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Cybersquatting – Into the Future – Part 4

posted by: FraudWatch International date: May 18, 2016 category: All, Brand Protection comments: 0

In our last three blog articles, we’ve discussed Cybersquatting and Typosquatting and the issues it can cause for businesses. So what does the future hold for Cybersquatting in the following months, and years? Before we look forward, let’s take a look back at how domain names have evolved over the past few decades.

In January 1985 a list of the first domain suffixes was created. Dot Com (.com) quickly became the most popular, despite its original intent to be used for commercial purposes only. Its use expanded into all types of generic web pages, and became synonymous with America itself.

When you consider that a domain suffix like “.com” can have domain names of up to 253 characters (alpha and/or numeric), the number of domain name possibilities is considerable and the problem of cybersquatting becomes difficult to deal with. Add to this the remaining 7 Top-Level Domains (TLDs) – Edu, Gov, Mil, Net, Org, Arpa and Int – and the problem grows exponentially.

A year after TLDs where released, location domain suffixes where released: e.g. us, uk, il, au, de, fr, etc. These became known as Country Code Top-Level Domains (ccTLDs). This further confused things, because the suffixes themselves became part of the Typosquatting. For example, the location suffix for Cameroon (.cm) could easily be “mistyped” in instead of “.com”.

Back to current day, new suffixes have been released gradually over the last few years by the Internet Corporation for Assigned Names and Numbers (ICANN), steadily increasing the already staggering possibilities of cybersquatting. The market has exploded with the release of over 300 Generic Top-Level Domains (gTLDs). Now, there are numerous suffixes available to enable any business to choose a suitable gTLD to give their website personality, or to make their website more instantly recognisable (since the new gTLDs are self-explanatory). These suffixes are even available in different languages.

There are six main categories:

  • Internationalised Domain Names: Where the domain suffix is in a foreign-script, e.g. .شبكة
  • Brand-specific domains: Where brands register a whole suffix, e.g. .GOOGLE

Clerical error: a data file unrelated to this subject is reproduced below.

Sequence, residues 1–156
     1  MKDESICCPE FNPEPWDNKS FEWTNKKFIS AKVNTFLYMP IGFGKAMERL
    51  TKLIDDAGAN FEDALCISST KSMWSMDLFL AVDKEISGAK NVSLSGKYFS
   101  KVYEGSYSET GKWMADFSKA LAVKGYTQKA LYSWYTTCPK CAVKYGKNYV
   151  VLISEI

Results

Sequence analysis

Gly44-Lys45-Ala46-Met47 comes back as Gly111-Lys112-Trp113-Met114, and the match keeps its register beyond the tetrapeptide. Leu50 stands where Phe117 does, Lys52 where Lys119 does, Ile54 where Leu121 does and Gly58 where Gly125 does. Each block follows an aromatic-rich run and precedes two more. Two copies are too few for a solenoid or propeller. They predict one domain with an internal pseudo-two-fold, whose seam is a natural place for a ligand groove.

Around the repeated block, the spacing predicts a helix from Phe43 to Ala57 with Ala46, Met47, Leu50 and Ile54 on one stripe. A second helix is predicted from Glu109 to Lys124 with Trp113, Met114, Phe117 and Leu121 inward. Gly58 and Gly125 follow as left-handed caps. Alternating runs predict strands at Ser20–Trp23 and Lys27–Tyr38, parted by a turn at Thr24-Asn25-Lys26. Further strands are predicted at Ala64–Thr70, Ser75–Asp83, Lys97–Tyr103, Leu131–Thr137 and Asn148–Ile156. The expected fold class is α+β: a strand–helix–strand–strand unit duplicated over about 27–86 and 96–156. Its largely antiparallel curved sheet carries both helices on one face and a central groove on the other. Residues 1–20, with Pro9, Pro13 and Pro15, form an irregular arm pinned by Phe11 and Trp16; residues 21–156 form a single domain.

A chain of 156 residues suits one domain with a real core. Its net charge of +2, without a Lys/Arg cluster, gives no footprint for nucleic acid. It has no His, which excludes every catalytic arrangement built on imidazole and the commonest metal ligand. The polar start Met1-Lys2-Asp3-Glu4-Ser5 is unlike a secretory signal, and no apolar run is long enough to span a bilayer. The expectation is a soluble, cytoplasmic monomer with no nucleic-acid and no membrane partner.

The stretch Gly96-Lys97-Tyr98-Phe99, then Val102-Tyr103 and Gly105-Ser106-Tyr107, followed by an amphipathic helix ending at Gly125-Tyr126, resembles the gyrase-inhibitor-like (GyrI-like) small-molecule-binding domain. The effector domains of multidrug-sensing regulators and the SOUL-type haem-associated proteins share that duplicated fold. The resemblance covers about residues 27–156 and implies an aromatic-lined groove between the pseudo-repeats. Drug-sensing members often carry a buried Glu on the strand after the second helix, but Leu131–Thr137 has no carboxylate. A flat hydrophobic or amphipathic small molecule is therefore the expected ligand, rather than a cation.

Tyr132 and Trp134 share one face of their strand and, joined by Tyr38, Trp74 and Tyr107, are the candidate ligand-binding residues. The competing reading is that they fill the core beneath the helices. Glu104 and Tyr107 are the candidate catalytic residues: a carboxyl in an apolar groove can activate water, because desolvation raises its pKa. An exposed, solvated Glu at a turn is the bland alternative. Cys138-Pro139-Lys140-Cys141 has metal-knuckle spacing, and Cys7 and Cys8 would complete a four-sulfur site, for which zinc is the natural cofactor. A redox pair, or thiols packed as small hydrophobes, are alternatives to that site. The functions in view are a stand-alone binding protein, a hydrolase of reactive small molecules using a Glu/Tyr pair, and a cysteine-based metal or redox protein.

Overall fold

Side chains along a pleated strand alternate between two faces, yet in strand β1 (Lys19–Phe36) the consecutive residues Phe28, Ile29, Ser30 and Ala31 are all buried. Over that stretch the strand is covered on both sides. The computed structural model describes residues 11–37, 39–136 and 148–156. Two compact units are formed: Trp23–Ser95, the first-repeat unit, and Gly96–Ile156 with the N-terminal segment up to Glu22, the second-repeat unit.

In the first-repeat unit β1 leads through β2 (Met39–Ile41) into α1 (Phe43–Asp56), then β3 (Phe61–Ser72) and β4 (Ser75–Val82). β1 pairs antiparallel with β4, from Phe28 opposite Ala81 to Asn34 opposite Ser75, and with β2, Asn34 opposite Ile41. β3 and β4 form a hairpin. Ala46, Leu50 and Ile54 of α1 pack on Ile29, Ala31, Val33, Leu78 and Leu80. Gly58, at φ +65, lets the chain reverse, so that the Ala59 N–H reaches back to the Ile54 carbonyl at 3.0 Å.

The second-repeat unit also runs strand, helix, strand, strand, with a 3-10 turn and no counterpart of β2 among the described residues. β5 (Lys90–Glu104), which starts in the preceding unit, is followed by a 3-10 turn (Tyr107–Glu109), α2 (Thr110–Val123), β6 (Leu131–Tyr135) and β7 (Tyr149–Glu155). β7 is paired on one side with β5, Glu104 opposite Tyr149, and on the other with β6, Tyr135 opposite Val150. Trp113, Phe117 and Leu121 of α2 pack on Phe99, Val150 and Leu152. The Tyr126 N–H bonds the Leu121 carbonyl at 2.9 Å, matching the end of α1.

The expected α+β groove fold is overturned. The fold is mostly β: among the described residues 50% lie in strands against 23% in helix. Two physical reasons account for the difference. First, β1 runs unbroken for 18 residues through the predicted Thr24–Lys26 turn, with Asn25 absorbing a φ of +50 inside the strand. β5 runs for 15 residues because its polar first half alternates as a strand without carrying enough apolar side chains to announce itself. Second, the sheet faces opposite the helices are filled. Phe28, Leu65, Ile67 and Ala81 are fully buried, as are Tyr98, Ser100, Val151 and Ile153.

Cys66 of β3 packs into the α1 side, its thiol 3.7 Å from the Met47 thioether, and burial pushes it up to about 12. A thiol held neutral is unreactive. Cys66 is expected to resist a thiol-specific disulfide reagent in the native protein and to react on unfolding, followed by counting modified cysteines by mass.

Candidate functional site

• Geographical domains, e.g. .LONDON or .MELBOURNE
  • Sector-focused, e.g. .SHOP or .LUXURY
  • All-purpose domains, e.g. .World or .LINK
  • Generic domains, e.g. .CLUB or .COOL

It’s easy to see how an unsuspecting victim can fall prey to an email from ‘XYZ.Lawyers’ demanding money. Nothing has changed with the dispute process and Intellectual Property (IP) owners are still able to complain to ICANN if they find offending domain names.

Sadly, most cyber-criminals know the best time to take advantage is during a time of change and they move fast. As Joanne Ludovici, a partner with McDermott Will & Emery in Washington explains, “They throw your brand name in the site, get a bunch of traffic, take in a bunch of money and shut it down”. With thousands of new top-level domains to play with, cyber criminals are like kids in a candy store.

What are the threats?

Protecting your brand’s identity and trademark should be of utmost importance. There are three main areas of threat to consider. They can cause significant damage to a business’ reputation online, so brands need to be on high alert.

  • Brand damage – Unhappy or disgruntled customers can damage your brand by registering domains such as brandname.sucks. Some domains to watch out for are: .sucks, .gripe, .exposed, .cheap, .adult, .porn.
  • Fraud – Phishing threats are increasing, and criminals could register your brand under a new domain to impersonate your brand and steal customer credentials. Some domains to be aware of are: .group, .solutions, .online, .finance, .bank.
  • Counterfeiting – Domains that could be registered for the sale of counterfeit goods utilising your brand, such as brandname.cheap. Some Domains to look out for are: .shop, .deal, .discount, .sale.

How to Protect Your Brand

As a Brand owner, you need to carry out a review of how your name is registered and used online. An important step is to register your trademark in the Trademark Clearinghouse (TMCH), which is a database of registered trademarks and offers protection tailored to trademark holders. At the time of writing this article the price is US$150 per trademark per year to register with ICANN’s TMCH. This service will send alerts to Intellectual Property (IP) owners when new domains are registered that resemble their company’s Trademarked names.

Registering your brand has two significant advantages:

  • You will have first pick on registering new domains related to your trademark, prior to the domain registration process opening to the general public. This drastically minimizes the chances of cybersquatting, where third parties try to exploit your brand name, or impersonate you online.
  • Once registered in the TMCH, you will be notified if anyone else attempts to register a domain using your trademark. You will then have the opportunity to act quickly if you feel your trademark ownership is being abused.

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